Freya's chair was one of five made throughout several weekends early this fall at Tulane’s Scot Ackerman MakerSpace, an enormous workshop with laser cutters, 3D printers and drilling and sewing equipment.
Students applied padding and safety straps to the chairs, and some required modifications to accommodate the needs of the children receiving them. For instance, Freya’s chair needed a wider strap to help secure her torso, and another patient needed a space behind the chair big enough to hold his breathing vent. Freya’s chair also had a bar added to the back, so that she could push it like a stroller. She took her first steps in early December after working with her physical therapist and her chair.
There's no word on how long Freya will have to use the chair but her mother said it has been more than a blessing.
"At first, we thought the muscle tone in her ankles wasn't strong enough for her to walk at all, but the neurologists recently told us everything is looking good and she should be walking on her own or with limited assistance soon," said her mom, Heather Hampton, of Metairie, Louisiana.
Hampton said Freya's able to push the chair like a stroller on her own. She wishes they could've gotten it sooner but understands the adjustments that needed to be made.
"We're just happy that she'll ultimately be able to get around and walk independently," Hampton said.
Platt said the mobility chairs' original design and plans came from TOM Global but the parts were purchased in the U.S. or made and then assembled by hand at Tulane. The wood panels used for the chair’s frame were laser cut and then sanded by students to buff out any splinters and rough edges. Padded seats were stuffed into fabric cushions sewn by students. Wheels were purchased online and then screwed into place.
Elijah has had his chair since the end of March. It was made in the first batch of about 10 chairs delivered to pediatric patients for use in occupational and physical therapy sessions.
"His chair shows him that, like, ‘I could be up like other children.’ You know, he don’t let his (being) disabled get in the way," said Jack who added Elijah will likely need some type of mobility assistance for the rest of his life.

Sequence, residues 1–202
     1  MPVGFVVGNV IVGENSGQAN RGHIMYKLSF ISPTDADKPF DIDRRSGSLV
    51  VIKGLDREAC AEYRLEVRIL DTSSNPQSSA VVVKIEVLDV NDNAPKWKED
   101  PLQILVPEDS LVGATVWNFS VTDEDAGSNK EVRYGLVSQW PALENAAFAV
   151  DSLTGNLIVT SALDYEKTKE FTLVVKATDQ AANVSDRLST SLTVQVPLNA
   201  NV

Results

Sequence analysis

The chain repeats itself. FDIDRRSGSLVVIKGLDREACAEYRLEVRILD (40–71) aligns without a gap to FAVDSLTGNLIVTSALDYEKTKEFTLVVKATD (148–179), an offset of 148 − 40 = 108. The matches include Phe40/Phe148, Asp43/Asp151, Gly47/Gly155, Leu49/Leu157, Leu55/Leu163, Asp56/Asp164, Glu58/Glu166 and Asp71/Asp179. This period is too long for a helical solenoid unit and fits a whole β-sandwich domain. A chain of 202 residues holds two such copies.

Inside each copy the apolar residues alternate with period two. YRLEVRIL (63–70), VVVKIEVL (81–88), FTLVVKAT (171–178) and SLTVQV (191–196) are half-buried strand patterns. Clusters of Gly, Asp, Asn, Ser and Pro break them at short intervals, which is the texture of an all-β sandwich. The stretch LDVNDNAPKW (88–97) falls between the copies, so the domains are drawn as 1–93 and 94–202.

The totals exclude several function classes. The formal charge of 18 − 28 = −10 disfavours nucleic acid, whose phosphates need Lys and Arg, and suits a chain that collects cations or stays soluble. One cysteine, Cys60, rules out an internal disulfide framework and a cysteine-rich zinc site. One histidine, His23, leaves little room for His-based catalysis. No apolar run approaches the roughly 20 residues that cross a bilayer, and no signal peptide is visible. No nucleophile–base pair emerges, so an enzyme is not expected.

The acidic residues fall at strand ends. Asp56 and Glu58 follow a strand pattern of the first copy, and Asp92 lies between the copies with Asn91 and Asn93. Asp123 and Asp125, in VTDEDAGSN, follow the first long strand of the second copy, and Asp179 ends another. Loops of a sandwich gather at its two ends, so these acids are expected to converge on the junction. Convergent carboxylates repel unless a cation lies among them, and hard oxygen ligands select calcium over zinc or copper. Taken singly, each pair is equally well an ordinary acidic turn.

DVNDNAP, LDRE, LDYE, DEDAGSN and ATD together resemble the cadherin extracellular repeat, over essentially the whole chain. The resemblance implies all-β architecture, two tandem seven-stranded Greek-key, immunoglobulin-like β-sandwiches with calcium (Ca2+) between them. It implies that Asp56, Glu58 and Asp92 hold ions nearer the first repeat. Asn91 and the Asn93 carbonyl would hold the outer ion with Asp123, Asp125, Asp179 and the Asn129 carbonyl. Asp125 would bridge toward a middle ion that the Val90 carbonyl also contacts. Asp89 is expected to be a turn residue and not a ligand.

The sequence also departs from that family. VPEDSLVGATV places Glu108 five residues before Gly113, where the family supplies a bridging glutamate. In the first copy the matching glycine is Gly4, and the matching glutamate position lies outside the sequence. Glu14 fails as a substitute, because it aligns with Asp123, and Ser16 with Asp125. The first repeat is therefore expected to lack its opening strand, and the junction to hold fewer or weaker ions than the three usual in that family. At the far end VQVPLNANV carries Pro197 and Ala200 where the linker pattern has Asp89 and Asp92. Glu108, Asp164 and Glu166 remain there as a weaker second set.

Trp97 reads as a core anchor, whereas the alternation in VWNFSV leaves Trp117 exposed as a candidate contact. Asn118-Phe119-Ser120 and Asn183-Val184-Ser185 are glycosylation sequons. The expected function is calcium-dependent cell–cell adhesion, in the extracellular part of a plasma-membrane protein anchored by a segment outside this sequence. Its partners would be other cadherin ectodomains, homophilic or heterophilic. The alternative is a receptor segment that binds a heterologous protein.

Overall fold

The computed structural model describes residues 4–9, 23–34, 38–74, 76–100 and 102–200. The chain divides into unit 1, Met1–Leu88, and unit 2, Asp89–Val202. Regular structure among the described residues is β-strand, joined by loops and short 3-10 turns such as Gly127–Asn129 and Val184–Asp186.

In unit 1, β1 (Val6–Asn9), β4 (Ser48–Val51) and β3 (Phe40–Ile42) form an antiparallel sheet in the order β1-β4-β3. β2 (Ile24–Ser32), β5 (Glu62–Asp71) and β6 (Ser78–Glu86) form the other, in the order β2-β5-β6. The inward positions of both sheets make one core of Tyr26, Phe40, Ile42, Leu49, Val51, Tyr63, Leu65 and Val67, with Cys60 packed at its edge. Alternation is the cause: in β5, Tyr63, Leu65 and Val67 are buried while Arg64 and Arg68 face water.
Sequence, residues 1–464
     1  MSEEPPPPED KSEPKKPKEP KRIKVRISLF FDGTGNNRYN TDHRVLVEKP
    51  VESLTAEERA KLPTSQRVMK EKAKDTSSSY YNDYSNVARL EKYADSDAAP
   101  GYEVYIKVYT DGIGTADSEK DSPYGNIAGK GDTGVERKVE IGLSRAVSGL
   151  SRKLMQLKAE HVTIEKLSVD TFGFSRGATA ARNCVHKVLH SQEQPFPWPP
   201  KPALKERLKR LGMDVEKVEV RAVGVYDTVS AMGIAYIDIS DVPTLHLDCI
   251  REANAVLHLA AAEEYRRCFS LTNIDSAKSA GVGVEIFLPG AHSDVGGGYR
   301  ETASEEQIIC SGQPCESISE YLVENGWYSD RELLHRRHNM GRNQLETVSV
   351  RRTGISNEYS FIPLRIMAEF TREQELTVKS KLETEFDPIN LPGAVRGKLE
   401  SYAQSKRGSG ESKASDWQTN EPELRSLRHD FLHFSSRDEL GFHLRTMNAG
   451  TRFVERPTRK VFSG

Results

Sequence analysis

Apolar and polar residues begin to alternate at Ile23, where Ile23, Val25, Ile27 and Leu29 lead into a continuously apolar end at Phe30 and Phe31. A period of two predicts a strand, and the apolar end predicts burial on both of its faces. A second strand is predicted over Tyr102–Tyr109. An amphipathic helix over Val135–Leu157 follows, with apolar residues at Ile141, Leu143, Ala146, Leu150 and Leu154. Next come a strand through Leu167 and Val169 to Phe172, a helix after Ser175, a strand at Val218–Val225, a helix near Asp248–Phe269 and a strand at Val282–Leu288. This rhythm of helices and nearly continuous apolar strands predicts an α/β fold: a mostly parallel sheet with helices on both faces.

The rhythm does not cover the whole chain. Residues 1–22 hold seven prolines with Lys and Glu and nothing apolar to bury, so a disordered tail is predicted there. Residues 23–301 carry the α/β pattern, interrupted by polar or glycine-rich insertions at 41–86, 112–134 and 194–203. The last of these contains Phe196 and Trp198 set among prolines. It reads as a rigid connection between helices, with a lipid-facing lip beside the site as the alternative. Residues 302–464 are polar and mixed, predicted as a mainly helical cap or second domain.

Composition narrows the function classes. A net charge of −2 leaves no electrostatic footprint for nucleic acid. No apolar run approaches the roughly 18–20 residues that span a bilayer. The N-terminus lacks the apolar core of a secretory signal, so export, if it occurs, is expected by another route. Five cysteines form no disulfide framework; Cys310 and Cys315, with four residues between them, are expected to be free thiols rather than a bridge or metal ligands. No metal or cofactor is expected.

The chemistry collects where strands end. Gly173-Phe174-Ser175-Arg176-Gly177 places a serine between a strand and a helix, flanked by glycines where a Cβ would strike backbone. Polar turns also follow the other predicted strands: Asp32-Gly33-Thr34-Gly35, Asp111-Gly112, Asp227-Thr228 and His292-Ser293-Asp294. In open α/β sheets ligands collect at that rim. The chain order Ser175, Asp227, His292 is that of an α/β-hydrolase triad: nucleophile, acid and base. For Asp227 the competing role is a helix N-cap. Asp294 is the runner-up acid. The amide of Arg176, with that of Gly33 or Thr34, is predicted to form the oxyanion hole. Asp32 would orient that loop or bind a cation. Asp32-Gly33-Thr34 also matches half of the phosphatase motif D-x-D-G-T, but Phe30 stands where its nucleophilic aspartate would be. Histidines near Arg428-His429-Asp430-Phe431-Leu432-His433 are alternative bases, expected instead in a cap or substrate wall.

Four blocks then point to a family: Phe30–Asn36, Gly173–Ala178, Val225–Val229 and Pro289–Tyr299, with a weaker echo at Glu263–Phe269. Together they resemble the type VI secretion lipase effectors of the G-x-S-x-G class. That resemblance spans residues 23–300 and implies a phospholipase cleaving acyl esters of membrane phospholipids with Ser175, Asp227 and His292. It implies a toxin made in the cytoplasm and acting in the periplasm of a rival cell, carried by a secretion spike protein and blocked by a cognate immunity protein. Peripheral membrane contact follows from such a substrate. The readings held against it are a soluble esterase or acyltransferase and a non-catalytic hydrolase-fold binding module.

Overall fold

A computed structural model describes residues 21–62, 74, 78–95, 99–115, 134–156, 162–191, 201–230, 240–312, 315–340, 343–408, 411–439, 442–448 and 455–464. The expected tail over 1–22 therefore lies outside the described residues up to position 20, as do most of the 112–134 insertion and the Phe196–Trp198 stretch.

Bumpers were added to the bottom front of the most recent batch of chairs after parents from the first round said their furniture – and feet – were taking hits as their children became better and faster at using their chairs.
Platt said there have been two rounds, so far, of chair building and 15 chairs have been given away. But, he said they're aiming for at least 10 to 15 more by Spring 2024.
"We coordinate with our clinical partners to find kids that would be a good fit for these devices," he said. "We work with the clinical team to make sure each chair fits the individuals and make customizations if necessary."
Platt said the chairs cost less than $200 each to make, and even though these chairs were donated to patients at no cost, the price is still much lower than most pediatric wheelchairs on the market and electric-powered wheelchairs can run into the thousands.
The student-made chairs also look and feel more like toys than hospital equipment, Platt said. They’re made to be light and easy to maneuver.
Platt said he’d ultimately like to see the chairs be made in high schools and colleges across the country.
"For the students that I work with, I tell them this is just the beginning," Platt said. "I’m trying to open their eyes to kind of a lifelong passion that they’ll have to solving these problems because once you see the problems, you see the scope of the problems and you can’t really ignore them."